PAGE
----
Pas de Calais
The village of Serre is 11 kilometres north-north-east of Albert.
Using the D919 from Arras to Amiens you will drive through the villages of Bucquoy, Puisieux then Serre-Les Puisieux (approximately 20 kilometres south of Arras). On leaving Serre Les Puisieux, 700 metres further along the D919, Serre Road No.1 Cemetery can be found on the right hand side.
In June 1916, the road out of Mailly-Maillet to Serre and Puisieux entered No Man's Land about 1,300 metres south-west of Serre. On 1 July 1916, the 31st and 4th Divisions attacked north and south of this road and although parties of the 31st Division reached Serre, the attack failed. The 3rd and 31st Divisions attacked once more on the 11 November, but again without success.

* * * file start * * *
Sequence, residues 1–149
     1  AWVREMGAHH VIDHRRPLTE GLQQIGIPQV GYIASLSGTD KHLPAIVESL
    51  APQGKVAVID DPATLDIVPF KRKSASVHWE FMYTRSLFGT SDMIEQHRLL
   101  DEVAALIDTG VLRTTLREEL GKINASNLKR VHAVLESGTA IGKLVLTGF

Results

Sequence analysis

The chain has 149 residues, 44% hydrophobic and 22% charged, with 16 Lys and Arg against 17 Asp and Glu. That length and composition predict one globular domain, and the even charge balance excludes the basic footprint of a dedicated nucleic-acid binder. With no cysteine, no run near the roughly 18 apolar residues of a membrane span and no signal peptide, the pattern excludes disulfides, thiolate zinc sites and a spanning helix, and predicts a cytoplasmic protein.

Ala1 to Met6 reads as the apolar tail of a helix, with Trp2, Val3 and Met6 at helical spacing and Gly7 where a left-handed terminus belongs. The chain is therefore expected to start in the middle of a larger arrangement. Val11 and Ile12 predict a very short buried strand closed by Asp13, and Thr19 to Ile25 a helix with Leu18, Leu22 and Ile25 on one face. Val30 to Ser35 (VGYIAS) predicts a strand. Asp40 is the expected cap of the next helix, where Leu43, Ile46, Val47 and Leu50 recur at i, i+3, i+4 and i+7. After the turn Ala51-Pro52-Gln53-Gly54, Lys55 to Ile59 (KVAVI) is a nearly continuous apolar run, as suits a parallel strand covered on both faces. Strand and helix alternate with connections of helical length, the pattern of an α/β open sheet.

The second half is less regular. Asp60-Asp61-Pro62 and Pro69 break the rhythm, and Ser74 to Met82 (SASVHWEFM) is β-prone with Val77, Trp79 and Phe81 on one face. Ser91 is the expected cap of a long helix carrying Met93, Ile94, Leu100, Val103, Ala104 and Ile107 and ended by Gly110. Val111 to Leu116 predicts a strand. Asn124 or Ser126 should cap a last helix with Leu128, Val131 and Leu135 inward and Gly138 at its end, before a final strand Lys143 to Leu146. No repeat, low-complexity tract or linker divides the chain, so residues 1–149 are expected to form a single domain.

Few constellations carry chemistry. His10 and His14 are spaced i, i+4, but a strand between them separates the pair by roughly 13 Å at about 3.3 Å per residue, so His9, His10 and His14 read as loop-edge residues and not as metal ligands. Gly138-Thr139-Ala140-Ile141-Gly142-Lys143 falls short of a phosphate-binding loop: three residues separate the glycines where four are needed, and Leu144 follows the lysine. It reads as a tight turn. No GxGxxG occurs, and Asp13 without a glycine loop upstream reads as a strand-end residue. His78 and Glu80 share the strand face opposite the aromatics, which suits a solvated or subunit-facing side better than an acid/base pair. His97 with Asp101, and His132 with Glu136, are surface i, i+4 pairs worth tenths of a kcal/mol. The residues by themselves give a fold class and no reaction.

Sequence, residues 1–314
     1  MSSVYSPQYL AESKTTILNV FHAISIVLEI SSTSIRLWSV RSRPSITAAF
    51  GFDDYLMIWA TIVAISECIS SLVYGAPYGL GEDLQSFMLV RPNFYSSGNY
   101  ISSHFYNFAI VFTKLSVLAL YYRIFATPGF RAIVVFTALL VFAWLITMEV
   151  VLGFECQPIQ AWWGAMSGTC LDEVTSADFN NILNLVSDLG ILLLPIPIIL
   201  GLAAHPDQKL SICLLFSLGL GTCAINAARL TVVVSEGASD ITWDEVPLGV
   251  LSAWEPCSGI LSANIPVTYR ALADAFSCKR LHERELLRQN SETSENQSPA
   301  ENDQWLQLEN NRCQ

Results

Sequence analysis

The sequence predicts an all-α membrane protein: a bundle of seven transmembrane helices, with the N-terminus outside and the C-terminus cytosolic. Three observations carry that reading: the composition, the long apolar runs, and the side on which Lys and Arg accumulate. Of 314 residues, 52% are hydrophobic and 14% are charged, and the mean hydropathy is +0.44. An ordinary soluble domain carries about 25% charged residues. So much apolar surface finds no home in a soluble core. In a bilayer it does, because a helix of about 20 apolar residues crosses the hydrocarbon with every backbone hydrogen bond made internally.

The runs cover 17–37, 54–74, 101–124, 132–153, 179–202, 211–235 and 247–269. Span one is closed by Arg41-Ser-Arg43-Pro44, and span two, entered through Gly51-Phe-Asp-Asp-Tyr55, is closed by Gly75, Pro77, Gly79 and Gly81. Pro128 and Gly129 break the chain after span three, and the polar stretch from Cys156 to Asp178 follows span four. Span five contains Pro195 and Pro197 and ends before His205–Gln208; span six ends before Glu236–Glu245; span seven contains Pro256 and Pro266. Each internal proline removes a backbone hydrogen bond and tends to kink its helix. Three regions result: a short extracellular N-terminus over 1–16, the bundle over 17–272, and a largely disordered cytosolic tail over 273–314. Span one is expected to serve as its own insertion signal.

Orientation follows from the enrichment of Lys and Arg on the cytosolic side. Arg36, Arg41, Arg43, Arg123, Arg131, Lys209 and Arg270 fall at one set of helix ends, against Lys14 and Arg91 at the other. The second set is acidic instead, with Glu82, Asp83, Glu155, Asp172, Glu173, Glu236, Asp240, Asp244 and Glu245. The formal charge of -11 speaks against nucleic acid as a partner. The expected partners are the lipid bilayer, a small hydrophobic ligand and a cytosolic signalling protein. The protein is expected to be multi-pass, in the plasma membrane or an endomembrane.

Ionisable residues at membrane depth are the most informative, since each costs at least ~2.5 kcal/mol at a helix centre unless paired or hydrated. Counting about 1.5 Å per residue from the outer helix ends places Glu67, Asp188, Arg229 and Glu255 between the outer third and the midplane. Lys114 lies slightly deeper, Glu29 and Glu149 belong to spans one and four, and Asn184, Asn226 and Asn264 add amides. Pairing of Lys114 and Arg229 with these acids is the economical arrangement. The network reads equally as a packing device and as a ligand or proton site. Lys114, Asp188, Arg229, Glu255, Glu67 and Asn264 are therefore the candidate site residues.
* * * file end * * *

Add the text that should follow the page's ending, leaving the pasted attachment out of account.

Early in 1917, the Germans fell back to the Hindenburg Line and on 25 February, Serre was occupied by the 22nd Manchesters. The village changed hands once more in March 1918 and remained under German occupation until they withdrew in August.
In the spring of 1917, the battlefields of the Somme and Ancre were cleared by V Corps and a number of new cemeteries were made, three of which are now named from the Serre Road. Serre Road Cemetery No 1 was begun in May 1917 when Plot I, Rows A to G, were filled, but it was greatly enlarged after the Armistice when further graves were brought in from the battlefields.
There are now 2,426 casualties of the First World War buried or commemorated in this cemetery. 1,728 of the graves are unidentified but special memorials commemorate 22 casualties known or believed to be buried among them. Most of the graves date from 1916.
The cemetery was designed by N A Rew.